Maybe the worker could parse the JSON to build an index and then send over just the index. The main thread could then use the index to access small substrings of the original giant JSON string, parse those and cache the result?

what if you used multiple async ajax requests to load different parts of the UI in place of loading all 50MB at once? could that be what the OP meant by "promiseS"?

Promises are a way to deal with async code. Parsing JSON is synchronous and CPU-bound, so promises offer no benefit. And since web pages are single-threaded[0], there isn't really any way you can parse JSON in the background and wait on the result.

[0]: There is now the Web Workers API which does allow you to run code in the background. I've never used it, but I have heard that it has a pretty high overhead since you have to communicate with it through message passing, so it's possible you wouldn't actually gain anything by using it to parse a large JSON object.


Promises still run on "the main thread" so a CPU intensive task in a promise is still going to block things. You could use a promise if you delegated your CPU task to another process or some C code that did actual threading.

I believe you'd use Workers (WebWorkers?) https://developer.mozilla.org/en-US/docs/Web/API/Workers to actually do it off the main thread entirely inside JS.

Promises still run in the main thread.

You could try to use a web worker, but then you run into the problem that they don't have shared memory, so you need to pass data back some other way.

IndexedDB runs on web workers, so that might be a good way to push the work off the main thread but still share the result.

JSON.parse is not interruptible. All the answers about promises and single threading are interesting but that's the crux of the issue.

Because JS is single threaded. If a task is too big you need to split it or the UI can't be updated until the task is done.

Is that relevant when comparing parsing json with parsing literal objects? I don't know much about JavaScript engines but I'd expect that parsing literal objects in code is also blocks the main thread.

Would probably break that up similar to how you did in that case as well. Though may use multiple server request (chunks) and/or use a websocket for the data feed.

What was the memory overhead for the application?

I don't remember details about memory stuff, it was a few years ago now, but I was pleasantly surprised to see that it wasn't nearly as bad as I first assumed it would be.

And I did originally plan on using something like a websocket, but turns out with some minor changes on the server side we could start streaming data while it was still being gathered, and oboe.js is actually able to start parsing data even while it's still downloading from a normal XHR request, and is designed to be as efficient as possible (so it throws away string data as soon as it's not needed any more).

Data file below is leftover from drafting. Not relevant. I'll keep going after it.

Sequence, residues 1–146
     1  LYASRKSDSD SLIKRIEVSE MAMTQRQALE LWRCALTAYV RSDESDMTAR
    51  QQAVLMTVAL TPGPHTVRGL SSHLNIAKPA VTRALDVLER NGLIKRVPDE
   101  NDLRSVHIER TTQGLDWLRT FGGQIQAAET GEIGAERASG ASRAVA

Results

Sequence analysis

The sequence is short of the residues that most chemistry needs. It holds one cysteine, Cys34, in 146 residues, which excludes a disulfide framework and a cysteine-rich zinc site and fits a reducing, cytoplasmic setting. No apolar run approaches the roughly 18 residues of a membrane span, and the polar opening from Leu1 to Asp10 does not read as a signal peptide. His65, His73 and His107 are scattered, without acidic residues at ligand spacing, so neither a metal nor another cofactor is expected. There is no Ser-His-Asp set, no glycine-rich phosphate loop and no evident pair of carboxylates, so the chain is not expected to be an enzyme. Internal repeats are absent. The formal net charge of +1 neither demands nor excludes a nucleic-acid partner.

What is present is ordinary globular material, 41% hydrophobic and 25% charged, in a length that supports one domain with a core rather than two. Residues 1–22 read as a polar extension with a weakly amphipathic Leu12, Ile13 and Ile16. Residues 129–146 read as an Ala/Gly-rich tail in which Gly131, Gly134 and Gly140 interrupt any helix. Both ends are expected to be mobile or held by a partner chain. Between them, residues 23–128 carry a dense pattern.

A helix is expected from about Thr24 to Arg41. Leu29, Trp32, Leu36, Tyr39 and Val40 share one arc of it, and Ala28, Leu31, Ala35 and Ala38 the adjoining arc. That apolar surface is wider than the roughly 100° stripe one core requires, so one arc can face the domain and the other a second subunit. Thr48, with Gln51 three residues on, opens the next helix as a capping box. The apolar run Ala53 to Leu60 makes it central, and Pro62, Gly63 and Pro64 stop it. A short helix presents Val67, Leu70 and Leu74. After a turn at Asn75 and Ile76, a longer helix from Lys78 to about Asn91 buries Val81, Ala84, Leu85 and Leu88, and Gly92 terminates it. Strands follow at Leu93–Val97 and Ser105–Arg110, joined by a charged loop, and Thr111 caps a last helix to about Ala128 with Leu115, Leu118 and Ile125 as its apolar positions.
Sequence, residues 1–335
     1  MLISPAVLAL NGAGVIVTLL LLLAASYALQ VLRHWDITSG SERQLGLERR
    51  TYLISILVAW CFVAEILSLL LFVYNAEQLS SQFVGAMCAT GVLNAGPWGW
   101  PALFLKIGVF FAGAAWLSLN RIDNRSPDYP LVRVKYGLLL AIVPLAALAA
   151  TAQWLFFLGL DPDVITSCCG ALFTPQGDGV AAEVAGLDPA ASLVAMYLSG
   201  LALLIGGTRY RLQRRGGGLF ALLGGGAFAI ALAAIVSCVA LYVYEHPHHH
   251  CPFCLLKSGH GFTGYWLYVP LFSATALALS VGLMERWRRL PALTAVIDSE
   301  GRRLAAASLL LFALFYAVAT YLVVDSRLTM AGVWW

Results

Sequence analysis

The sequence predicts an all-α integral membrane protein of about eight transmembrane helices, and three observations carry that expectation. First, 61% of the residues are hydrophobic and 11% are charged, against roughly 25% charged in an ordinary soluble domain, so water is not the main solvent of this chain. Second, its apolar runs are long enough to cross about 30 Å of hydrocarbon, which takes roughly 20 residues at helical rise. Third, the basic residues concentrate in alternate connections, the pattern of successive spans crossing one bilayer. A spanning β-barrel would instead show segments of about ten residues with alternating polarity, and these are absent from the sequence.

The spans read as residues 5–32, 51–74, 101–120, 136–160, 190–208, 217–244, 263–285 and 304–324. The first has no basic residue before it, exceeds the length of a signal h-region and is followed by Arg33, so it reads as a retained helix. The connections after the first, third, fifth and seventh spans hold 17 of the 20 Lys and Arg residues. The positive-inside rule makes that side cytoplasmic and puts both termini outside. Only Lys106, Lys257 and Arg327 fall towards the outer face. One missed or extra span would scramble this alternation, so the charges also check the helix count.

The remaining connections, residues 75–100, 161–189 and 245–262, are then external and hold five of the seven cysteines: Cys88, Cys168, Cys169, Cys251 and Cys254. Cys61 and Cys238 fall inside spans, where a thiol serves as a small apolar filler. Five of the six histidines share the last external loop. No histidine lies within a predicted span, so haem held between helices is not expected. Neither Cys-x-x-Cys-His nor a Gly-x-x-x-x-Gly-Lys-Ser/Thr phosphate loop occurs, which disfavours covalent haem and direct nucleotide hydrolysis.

So there weren't really any additional benefits to be had from using websockets and breaking it up into multiple distinct requests would probably have been slower!

(I just realized I forgot to add a link to oboe.js! But I highly recommend it. It seems it's just gotten better since the last time i've used it)

[1] http://oboejs.com

I'm asking purely out of curiosity - what was the content of such a large JSON object?

It was a carton scanning app, so basically a massive array of objects (carton data) which were needed so the app could function and route cartons and validate deliveries entirely offline. Due to some unfortunate limitations from our clients and some edge cases, we couldn't filter down the data on the server ahead of time. So we ended up having to keep that massive amount of data on the device, and at the end of the day 95% of it would be unused, but we wouldn't know which 95% until the device was already offline.

It was a system where the goalposts moved many times during the development. If I were to do it again, I wouldn't use JSON, but after having the goals change a few times and then having the original server-side components get co opted to work on other projects, it was hard to justify the time that would be spent switching to a different, more appropriate wire format.

I kept reading that as cartoons and I was just so confused for a second...

You can also pretty easily use a web worker now, they work well. Here's [1] an example with React hooks.

Example fibonacci worker code that doesn't block the UI, even at larger calculations

  const fib = n => (n < 2 ? n : fib(n - 1) + fib(n - 2))
  onmessage = msg => {
    console.log('fibonacci worker onmessage', msg)
    postMessage({ num: msg.data, result: fib(msg.data) })
[1] https://github.com/bharathnayak03/react-webworker-hook

Web workers won't work in this case because they need to serialize all data going into and out of them (with the exception of TypedArrays).